drove.

I could have used one of those rainbows last Friday as we waited the
longest six hours of our lives.

Steve and I always knew in our hearts and minds that after the FOX-owned
station in Tampa was threatened by Monsanto, the direction of my story
about bovine growth hormone had changed dramatically. There has never been
any doubts in our minds that with virtually every cut, trim, and edit to
this four-part series, the public interest suffered at the hands of the
station's lawyers who were afraid that telling the truth would cost their
client big bucks.

As you have read above, Steve and I held hands when the clerk read the
verdict form, The jury answered the first question --- "Do you find that
the Plaintiff, Jane Akre has proven, by the greater weight of the evidence,
that the Defendant...terminated her employment or took other retaliatory
personnel action against her because she opposed or refused to participate
in the broadcast of a false, distorted, or slanted news report..."

"NO!" the clerk read.

Oh, God, we've lost, was the thought that flashed through my mind like a
bolt of lightening. I quickly recalled that the jurors, every one of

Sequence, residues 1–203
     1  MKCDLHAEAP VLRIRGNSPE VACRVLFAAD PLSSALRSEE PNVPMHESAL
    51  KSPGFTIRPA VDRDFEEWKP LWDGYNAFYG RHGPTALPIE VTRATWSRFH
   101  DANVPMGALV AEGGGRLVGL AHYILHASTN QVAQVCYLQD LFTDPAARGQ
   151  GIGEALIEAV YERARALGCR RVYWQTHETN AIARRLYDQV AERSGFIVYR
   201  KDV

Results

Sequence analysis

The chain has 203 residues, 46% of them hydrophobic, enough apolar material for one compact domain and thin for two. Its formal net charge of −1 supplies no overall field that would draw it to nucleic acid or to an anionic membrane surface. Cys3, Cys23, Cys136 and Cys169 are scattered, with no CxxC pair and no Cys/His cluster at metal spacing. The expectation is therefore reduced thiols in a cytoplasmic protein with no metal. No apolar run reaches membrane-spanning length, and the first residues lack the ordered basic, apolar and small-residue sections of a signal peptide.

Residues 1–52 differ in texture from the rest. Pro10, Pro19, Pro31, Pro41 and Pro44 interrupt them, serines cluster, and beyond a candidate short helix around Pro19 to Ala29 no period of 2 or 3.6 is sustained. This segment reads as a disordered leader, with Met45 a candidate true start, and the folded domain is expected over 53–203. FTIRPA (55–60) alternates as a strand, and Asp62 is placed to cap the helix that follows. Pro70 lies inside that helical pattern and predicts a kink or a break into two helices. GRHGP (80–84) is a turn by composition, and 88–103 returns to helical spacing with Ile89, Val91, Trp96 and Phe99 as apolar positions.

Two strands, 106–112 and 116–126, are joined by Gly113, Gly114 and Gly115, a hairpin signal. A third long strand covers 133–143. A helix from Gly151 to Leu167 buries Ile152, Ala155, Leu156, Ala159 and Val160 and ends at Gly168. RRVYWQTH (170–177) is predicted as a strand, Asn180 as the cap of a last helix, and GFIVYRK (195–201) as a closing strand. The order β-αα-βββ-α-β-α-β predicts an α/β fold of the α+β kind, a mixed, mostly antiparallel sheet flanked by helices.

them,. failed to look at us when they entered the courtroom to announce
their decision.. Steve was kind enough to whisper that observation to me
moments earlier.

Alternate Juror Gold Speaks

And I was still reeling from a little talk we had with the alternate juror.
Right after he was dismissed, he talked with Steve and me and the FOX folks
and the few reporters who happened to be there.

There was nothing happy to hear from that man and "suits" from FOX were
salivating. Alternate juror Bruce Gold told us that everything likely
gives us cancer and, after all, BGH has already been approved by the FDA
for use in dairy cows. He wasn't worried about any BGH health risks. I
decided after listening to him for several painful minutes that the truth
of a courtroom verdict is always subject to the personal biases each juror
bring into the courtroom at the start of the trial.

And, back in the courtroom now, the clerk reads the second question the
jurors had to decide: "Do you find that the Plaintiff Jane Akre has proven
by the greater weight of the evidence that the Defendant . . ..terminated
her employment . . .because she threatened to disclose to the Federal
Communications Commission . . ..the broadcast of a false, distorted or
slanted news report . . ."

The clerk paused for what seemed like five minutes before he uttered the
word, "YES!" in his booming voice.

"Oh, God," I gasped as he went on to read the damages. "$88,725 for lost
wages," he read. I gasped again. "$120,750 for lost earning capacity and
$215,525 for other damages."